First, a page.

Objective: Intraoperative detection of ovarian sentinel nodes has been shown to be feasible. We examined the detection rate and locations of sentinel nodes in patients with ovarian tumors. We also aimed to assess the reliability of sentinel node method in predicting regional lymph node metastasis.
Methods: Twenty patients scheduled for laparotomy because of a pelvic mass were recruited to the study. In the beginning of the laparotomy, radioisotope and blue dye were injected under the serosa next to the junction of the ovarian tumor and suspensory ligament. The number and locations of the hot and/or blue nodes/spots were recorded during the operation. If the tumor was malignant according to the frozen section, systematic lymphadenectomies were performed, the sentinel nodes sampled separately, and their status compared with other regional lymph nodes.
Results: Eleven patients had a right-sided ovarian tumor, 7 patients a left-sided tumor, and 2 patients had bilateral tumors. A median of 2 sentinel nodes/locations per patient (range, 1-3) were found. Sixty percent of all sentinel nodes were located in the para-aortic region only, compared with 30% in both para-aortic and pelvic areas and 10% in pelvic area only. Both unilateral and bilateral locations were found. In 83% of the cases with more than 1 sentinel node location, they were located in separate anatomical regions. In 3 patients, systematic lymphadenectomies were performed. One of them had nodal metastases in 2 regions and also a metastasis in 1 of her 2 sentinel nodes in 1 of those regions.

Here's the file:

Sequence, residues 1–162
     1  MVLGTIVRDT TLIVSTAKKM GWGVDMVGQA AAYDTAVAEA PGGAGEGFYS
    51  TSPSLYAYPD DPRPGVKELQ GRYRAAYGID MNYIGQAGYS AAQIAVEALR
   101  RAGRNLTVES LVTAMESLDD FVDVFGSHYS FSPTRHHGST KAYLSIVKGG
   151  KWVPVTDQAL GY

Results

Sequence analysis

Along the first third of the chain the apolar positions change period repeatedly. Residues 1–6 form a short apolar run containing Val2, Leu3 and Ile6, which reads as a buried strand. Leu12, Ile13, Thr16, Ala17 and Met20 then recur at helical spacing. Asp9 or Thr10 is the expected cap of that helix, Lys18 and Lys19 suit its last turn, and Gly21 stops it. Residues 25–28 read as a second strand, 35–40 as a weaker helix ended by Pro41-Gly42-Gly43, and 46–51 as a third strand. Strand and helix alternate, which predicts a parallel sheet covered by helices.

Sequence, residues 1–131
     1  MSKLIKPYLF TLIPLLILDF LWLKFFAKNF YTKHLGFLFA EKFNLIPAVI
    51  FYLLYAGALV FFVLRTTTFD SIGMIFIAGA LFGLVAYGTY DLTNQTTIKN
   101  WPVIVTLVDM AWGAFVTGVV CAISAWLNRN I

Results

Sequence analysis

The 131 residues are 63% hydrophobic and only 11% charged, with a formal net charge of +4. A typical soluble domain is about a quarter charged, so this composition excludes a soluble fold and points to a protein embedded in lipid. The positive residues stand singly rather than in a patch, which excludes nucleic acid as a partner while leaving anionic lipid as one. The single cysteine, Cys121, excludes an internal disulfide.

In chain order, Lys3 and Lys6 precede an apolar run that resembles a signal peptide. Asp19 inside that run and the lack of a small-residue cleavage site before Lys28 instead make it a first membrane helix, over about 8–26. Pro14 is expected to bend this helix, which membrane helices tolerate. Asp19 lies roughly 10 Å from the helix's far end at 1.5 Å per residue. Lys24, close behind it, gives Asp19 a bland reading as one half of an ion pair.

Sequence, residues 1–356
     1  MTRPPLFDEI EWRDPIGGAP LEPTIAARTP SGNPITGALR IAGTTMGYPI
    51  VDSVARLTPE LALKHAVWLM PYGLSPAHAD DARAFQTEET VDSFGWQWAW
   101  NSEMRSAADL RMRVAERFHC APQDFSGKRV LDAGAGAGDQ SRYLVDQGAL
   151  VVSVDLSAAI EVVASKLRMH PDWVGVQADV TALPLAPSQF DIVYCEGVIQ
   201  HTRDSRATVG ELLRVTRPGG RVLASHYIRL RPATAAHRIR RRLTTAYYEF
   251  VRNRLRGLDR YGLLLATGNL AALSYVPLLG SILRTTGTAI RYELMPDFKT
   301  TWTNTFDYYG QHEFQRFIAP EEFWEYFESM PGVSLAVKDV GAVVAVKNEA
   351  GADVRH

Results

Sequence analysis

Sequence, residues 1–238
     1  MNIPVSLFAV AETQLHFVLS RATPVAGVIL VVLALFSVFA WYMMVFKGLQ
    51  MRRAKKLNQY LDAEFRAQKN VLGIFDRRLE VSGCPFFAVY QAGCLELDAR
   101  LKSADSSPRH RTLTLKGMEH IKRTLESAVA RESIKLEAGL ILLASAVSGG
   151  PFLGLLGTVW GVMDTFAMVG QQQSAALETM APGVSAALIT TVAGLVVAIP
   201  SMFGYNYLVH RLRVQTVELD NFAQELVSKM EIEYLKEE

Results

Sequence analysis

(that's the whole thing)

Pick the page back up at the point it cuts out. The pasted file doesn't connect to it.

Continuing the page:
Conclusions: In patients with ovarian tumor(s), the detection of sentinel nodes is feasible. They are located in different anatomic areas both ipsilaterally and contralaterally, although most of them are found in the para-aortic region. The reliability of the sentinel node concept should be evaluated in the framework of a multicenter trial.